Fox News commentator Fred Barnes put it well when he said, “[Byrd] epitomized what most members of Congress try to do: maximize the flow of Federal funds to their state or district. Only he did it better. He was not only extraordinarily effective in funneling largess to West Virginia; he was unabashed about taking credit for it in an ostentatious way.”
Citizens Against Government Waste denounced Byrd as the “King of Pork.” In 2006, a group called Porkbusters gave Byrd their Lifetime Achievement Award for establishing “a pork record second to none.” Should being the biggest porker of all time really be called an achievement?
There are more than 50 projects in West Virginia — all financed by taxpayers in other states — that are named for Byrd or his late wife Erma. Byrd frequently gloated about how much loot he was able to snare for his state. Here, for example, are his remarks at the dedication ceremony four years ago of the Robert C. Byrd Biotechnology Center at Marshall University in Huntington: The effort began, he said, “with a visit to my office, yeah! Yeah, man. Yeah, man, a visit to my office, yeah” by the school’s president. So Byrd then proceeded to do what he did best: “I rolled up my sleeves to do the work in Congress to secure the Federal funding. Yeah, man, you’re looking at Big Daddy. Big Daddy!”
As you can see, Byrd loved to brag about how easily he got the Federal spigot turned in West Virginia’s direction: “I’ve been [in the Senate] longer than anybody else ... so I added $35.6 million. That ain’t chicken feed. No man, that’s not little stuff. That’s not small stuff.”
Actually, when compared to a Federal budget of $3.8 trillion, and a deficit of $1.3 trillion, that is chicken feed to our big-spenders in Washington. But not in West Virginia, one of the most impoverished states in the union. Which brings up a point I have not heard anyone else make: Why did all those untold billions that Byrd was able to grab for his state do so little good for the people there?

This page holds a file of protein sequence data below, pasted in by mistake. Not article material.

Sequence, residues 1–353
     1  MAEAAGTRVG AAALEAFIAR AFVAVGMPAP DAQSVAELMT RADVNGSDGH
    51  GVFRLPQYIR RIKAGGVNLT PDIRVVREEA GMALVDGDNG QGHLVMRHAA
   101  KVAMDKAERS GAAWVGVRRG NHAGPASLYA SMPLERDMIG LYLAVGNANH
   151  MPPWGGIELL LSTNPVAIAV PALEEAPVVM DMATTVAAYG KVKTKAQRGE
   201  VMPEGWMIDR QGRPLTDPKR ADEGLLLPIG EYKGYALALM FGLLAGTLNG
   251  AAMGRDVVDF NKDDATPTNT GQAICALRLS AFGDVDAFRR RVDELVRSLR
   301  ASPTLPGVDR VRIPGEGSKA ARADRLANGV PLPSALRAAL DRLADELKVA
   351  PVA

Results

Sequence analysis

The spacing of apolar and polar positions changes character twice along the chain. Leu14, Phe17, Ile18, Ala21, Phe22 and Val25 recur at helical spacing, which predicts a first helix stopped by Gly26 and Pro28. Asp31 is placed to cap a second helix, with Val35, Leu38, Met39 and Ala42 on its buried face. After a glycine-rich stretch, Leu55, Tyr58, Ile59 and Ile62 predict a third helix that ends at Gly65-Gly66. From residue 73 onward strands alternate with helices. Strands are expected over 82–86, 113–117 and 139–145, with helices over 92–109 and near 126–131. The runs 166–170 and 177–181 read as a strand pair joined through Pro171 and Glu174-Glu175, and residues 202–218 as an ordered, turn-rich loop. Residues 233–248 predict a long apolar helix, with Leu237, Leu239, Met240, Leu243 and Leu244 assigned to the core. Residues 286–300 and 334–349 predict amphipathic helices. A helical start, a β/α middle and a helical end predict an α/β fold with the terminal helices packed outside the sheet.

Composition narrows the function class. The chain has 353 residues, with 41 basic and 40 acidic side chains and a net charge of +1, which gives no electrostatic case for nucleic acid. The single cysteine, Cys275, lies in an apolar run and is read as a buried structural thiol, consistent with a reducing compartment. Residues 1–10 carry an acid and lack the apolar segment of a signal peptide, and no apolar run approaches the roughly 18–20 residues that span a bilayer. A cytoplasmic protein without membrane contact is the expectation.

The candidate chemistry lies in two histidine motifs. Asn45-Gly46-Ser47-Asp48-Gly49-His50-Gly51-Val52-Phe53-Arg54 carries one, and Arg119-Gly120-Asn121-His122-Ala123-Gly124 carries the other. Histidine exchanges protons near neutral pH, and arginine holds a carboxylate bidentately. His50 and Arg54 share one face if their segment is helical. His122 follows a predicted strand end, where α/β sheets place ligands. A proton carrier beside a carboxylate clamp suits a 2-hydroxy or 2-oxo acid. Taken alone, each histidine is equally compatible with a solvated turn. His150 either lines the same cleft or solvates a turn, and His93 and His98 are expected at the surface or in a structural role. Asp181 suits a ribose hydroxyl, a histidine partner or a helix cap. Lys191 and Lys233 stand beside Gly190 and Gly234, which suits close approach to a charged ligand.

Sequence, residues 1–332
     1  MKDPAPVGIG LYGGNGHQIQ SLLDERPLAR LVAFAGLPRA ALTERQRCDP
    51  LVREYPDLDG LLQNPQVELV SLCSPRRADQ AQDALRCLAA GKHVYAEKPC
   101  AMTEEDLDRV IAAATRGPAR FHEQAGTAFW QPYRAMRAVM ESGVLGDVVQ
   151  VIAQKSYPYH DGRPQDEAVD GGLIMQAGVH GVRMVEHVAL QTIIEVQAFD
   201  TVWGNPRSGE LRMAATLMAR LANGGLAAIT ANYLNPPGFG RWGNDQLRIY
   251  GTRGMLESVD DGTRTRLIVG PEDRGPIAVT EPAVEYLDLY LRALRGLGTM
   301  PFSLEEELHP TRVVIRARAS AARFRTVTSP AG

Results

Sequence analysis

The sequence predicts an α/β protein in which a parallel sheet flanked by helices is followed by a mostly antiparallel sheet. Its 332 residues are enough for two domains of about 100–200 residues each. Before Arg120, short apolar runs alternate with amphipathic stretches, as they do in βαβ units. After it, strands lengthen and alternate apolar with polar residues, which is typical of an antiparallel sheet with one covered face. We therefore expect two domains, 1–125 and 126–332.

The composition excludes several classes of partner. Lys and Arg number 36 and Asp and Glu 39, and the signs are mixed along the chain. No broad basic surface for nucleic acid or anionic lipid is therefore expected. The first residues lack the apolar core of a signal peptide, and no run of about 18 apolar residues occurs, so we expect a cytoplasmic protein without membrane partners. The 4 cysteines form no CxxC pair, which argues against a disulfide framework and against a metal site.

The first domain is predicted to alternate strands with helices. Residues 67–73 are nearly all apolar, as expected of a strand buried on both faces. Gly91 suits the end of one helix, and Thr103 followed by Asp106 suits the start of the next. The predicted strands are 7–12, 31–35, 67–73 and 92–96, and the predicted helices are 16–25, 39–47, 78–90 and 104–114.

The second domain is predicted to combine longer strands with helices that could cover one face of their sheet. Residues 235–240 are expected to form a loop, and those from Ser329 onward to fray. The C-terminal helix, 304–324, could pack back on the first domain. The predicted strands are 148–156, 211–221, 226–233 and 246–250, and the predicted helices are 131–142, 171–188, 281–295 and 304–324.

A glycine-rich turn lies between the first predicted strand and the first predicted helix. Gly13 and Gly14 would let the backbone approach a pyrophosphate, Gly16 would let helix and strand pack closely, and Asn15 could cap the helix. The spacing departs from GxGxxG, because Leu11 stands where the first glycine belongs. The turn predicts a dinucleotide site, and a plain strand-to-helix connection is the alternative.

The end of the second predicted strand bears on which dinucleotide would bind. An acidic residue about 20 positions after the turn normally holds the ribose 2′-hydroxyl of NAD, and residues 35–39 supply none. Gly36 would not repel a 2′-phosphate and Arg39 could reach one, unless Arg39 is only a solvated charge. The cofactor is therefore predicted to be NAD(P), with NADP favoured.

Think about it for a minute. Thanks to Byrd’s efforts, along with a compliant bureaucracy and kowtowing administrations, for most of the 51 years he served in the Senate, West Virginians received more bang for their bucks—that is, more tax dollars back from Uncle Sam than they contributed—than any other state in the union.
If sucking at the teat of Big Government makes you stronger and healthier, why isn’t West Virginia one of the richest states in the nation? Instead, when measured by the jobs its has created, the pay for those jobs, the living standards of its inhabitants, the quality of medical care and education and just about any other standard that’s important to your quality of life, West Virginia is a disaster.
Byrd could serve as a poster boy for the bad effects of big government. Instead, the mass media acted as though there was something good and noble about his life’s work — well, about his life work on behalf of big government at least. The media downplayed another aspect of Byrd's life. Presumably it is now deemed ancient history that Byrd, in his youth, was an enthusiastic supporter of the Ku Klux Klan. In fact, when he was 24, he helped form a chapter of the noxious organization in his hometown. He was elected to the state legislature in 1946 and the House of Representatives six years later. In those early campaigns, he made sure he used the “n” word in every speech he made. Later in life, Byrd claimed to have softened his stance against blacks. But he was still a foul-mouthed bigot. Four years ago, to show how “fair and balanced” he had become, he told a TV interviewer, “I’ve seen a lot of white niggers in my time.” Gee, Senator, how fair-minded of you.
Let’s be honest here. Byrd spent the first half of his adult life as one of the most racist, bigoted, downright nasty politicians the South has ever produced. He then spent the second half of his life building monuments to himself with your money.
This is someone we should admire?
Chip Wood was the first news editor of The Review of the News and also wrote for American Opinion, our two predecessor publications. He is now the geopolitical editor of Personal Liberty Digest, where his Straight Talk column appears twice a month. This article first appeared in PersonalLiberty.com and has been reprinted with permission.